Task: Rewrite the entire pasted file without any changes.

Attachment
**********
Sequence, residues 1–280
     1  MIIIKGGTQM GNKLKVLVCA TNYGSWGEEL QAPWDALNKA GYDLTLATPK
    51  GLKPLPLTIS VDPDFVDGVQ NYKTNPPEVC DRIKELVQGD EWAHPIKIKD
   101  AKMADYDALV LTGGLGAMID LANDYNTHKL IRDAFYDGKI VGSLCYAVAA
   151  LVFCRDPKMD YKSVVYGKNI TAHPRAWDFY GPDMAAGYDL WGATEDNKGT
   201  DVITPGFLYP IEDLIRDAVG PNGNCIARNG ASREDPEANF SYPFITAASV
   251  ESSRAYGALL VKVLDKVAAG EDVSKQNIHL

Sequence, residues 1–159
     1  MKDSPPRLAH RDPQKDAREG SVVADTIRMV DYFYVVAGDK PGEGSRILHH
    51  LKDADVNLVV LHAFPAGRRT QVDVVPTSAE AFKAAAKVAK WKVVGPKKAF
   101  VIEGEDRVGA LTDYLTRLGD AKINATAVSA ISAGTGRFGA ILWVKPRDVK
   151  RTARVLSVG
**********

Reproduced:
Sequence, residues 1–280
     1  MIIIKGGTQM GNKLKVLVCA TNYGSWGEEL QAPWDALNKA GYDLTLATPK
    51  GLKPLPLTIS VDPDFVDGVQ NYKTNPPEVC DRIKELVQGD EWAHPIKIKD
   101  AKMADYDALV LTGGLGAMID LANDYNTHKL IRDAFYDGKI VGSLCYAVAA
   151  LVFCRDPKMD YKSVVYGKNI TAHPRAWDFY GPDMAAGYDL WGATEDNKGT
   201  DVITPGFLYP IEDLIRDAVG PNGNCIARNG ASREDPEANF SYPFITAASV
   251  ESSRAYGALL VKVLDKVAAG EDVSKQNIHL

Sequence, residues 1–159
     1  MKDSPPRLAH RDPQKDAREG SVVADTIRMV DYFYVVAGDK PGEGSRILHH
    51  LKDADVNLVV LHAFPAGRRT QVDVVPTSAE AFKAAAKVAK WKVVGPKKAF
   101  VIEGEDRVGA LTDYLTRLGD AKINATAVSA ISAGTGRFGA ILWVKPRDVK
   151  RTARVLSVG